Strength training vs Cardio for Fat Loss. Everyone knows that strength training is what is necessary for muscle growth but cardio is better for Fat loss – Right?
Incorrect. False. Not True.
Strength training is superior for muscle growth and for fat loss. A new study by Brellenthin et al. supports that strength training is more effective per minute of exercise than endurance/cardiovascular training for both fat loss and muscle growth.
You want to lose fat? Strength train!
The research study followed 12000 healthy adults around for 6 years and analyzed the probability someone would get obese relative to their exercise habits and other variables.
The results were as expected –
Those who exercised and those who exercised the most had the lowest chance of being overweight or obese.
When comparing these two types of exercise, those who did strength training at least 2x a week and no cardio had a lower obesity risk than those who did no strength training but did at least 500 MET – Minutes of Endurance training per week.
Think about that – 500 minutes is 8.3 hours of training a week
And the cardio folks still didn’t lose fat at the rate of those who lifted weights only 2x a week.
These results are in line with a 2014 meta – analysis of randomized controlled trials by Claksr: during ab libitum diets, strength training induces more long term fat loss per minute of exercise than cardio.
Lifting weights burns a comparable number of calories per session
Cardio can burn calories quicker but generally only at intensity rates that are not sustainable for an hour at a time. However, strength training also increases your metabolic rate over time, whereas cardio/endurance training does not. Gaining muscle has been found to increase energy expenditure considerably.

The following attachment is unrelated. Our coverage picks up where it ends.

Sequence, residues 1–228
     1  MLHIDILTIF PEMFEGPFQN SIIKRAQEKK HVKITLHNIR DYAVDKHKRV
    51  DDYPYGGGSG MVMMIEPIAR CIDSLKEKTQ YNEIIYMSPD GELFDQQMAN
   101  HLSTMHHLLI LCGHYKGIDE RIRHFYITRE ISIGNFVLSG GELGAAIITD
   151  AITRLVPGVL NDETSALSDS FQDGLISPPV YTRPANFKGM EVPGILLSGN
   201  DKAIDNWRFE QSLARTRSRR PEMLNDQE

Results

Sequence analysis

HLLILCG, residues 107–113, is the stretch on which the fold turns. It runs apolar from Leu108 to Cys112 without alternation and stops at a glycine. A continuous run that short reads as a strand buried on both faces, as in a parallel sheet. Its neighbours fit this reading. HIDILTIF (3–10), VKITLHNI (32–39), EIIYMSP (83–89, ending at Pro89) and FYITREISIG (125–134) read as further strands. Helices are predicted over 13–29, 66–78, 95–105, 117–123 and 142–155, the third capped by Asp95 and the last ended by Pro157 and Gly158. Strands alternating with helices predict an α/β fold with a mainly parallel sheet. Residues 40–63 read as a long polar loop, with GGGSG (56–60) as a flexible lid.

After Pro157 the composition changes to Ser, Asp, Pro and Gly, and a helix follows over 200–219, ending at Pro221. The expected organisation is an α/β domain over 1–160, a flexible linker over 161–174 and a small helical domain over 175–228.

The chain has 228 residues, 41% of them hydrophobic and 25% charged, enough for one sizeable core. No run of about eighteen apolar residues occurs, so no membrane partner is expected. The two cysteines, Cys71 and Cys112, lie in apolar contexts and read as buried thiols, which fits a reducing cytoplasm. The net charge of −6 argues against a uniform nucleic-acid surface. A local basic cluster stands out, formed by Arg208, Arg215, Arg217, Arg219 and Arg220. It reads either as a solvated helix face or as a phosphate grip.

Plain terms – muscle will help you burn more calories day to day – which will keep fat off of you.
Another big advantage of training with weights – Appetite control. Strength training generally is a superior method of appetite control when compared to endurance/cardiovascular training.
Finally, cardiovascular endurance training ends up suffering from constrained energy expenditure, whereas training with weights does not. (Please note super high volumes of weight training could suffer from similar constrained energy but there isn’t any research at this time).
As a result, in real life settings, over the long term, strength training is far superior in reducing your energy intake and increasing your energy expenditure than an equivalent amount of cardiovascular training.
If fat loss is your goal you are better off strength training. In fact you do not need any cardiovascular training at all if fat loss is your only goal.
Lastly, please note all exercise is better than no exercise. But realize that lifting weights and getting strong is doing significantly more for you and in a much shorter amount of time than spending endless amounts of time doing cardio/endurance training.
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